rule is to include some foreground interest as well as all the other items in
the shot. Sharp foreground items like fence posts, bushes or even old farm
equipment will give depth and scale to the photograph. Preferably coming from
the left of the picture, as the human eye reads from left to right. This item
will help draw the eye into the picture.
It is always best to avoid putting the horizon line slap bang in the center of
the photograph, so move the camera to only have about one third of the picture
sky, and even experiment by making the sky two thirds of the picture you see in
the viewfinder. This is called “The Rule of Thirds”.
Another very interesting variant in landscape shots is to turn your camera 90
degrees and take the landscape in the “portrait” (vertical) mode. Of course,
the rule about where to place the horizon still stands!
Landscapes should also be very sharp, right the way through from the foreground
to the very back of the scene. The way to ensure this is to use a wide angle
lens and run as small an aperture as you can. f16 to f22 will be perfect with a
24 mm lens, for example.
Now this will give you slow shutter speeds, especially in lower light
situations, so this is one time where you really need your tripod. The slow
shutter speed will also give you that flowing look to moving water, such as
streams or rivers. Additionally it gives you an interesting and different
representation of waves, again imparting a sense of movement.
Time of day is particularly important for landscapes. Early morning for that
cold blue light and late afternoon for the warm glow. Get those into a landscape
and you are starting to put together a good photograph.
Another little trick is not to pack up and go home as soon as the sun
disappears. There is often enough light to catch some stunningly colored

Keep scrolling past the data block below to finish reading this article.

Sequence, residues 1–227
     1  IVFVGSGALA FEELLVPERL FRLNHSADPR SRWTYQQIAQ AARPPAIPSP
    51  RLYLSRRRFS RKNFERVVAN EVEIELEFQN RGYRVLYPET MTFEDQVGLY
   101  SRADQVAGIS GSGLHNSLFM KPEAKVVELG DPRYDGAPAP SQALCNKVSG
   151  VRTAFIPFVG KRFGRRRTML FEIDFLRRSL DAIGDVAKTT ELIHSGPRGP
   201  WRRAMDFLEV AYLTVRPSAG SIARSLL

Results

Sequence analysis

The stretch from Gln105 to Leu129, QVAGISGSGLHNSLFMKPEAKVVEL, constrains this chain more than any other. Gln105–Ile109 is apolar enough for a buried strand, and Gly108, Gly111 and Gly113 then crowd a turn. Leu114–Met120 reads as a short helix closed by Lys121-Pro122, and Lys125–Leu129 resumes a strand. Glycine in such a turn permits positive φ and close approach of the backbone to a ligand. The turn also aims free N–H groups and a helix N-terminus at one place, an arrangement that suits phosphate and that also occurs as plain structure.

different kinds of shots after sundown.
Even bad weather should not put you off having a go at some landscapes. On a
completely foul day try putting some black and white film in the camera and see
what you get. You may be very surprised with the end result. Another little
wriggle is to use the flash when taking shots in the rain. You can stop the rain
drops as bright splashes of light in an otherwise grey shot.
Now back to filters and such. First off, there is no blue sky, red rock filter.
You should put a Skyline 1A on the end of any lens, which does help sky color,
but more importantly protects the expensive glass bit. To get the best blue sky
and reddest red of Ayers Rock, use the wide angle lens and take the photo in the
late afternoon (warm light). Consequently, the rock in the late afternoon will
appear more red. Don’t be tempted to use the telephoto to bring the rock
closer. You go closer and use the wide angle! The technical reason behind the
sky appearing more blue is that the wide angle lens packs more sky into the
frame than other lenses.
If all that doesn’t work, buy some slides at the souvenir shop!
Money Matters: What makes Miton mighty? Part 1
MBMG International Ltd.
Mark Dampier, a well-known investment
research analyst and financial columnist recently wrote an article in which
he commented, “I consider the vast majority of managed funds, particularly
those run by insurance companies, as being especially poor.”
This despite the fact that he recognised that, “Inherently, a managed fund
should make a lot of sense for most investors.”
His disenchantment was based on his perception that the vast majority of
managed funds simply act as an All share tracker, being managed to a
benchmark which is far more to do with business risk that absolute risk.
Dampier embarked on a journey of discovery - driven by the recognition that
portfolio management for the majority of clients presents an opportunity
which, in the main part, isn’t being seized upon due to mediocrity of the
majority of fund management.
As regular readers of this column will know, we have been reciting this for
a fair while now. Years ago, we were driven by the feeling that there must,
surely, be organizations out there that were committed to doing better than
simply saying that a managed fund should be a proxy tracker of an average of
the world’s stock-markets. We spent ages interviewing fund managers so as
to try and identify those who were prepared to break this mould.
Perhaps first, we should look at the reasons why we’d become disenchanted
with the tracker approach - which might suit some clients better than others
but cannot get the optimal rewards of active management. Like much that is
good and bad in today’s world, the tracker mentality was born in the US in
the second half of the last century. There had been a major sea-change in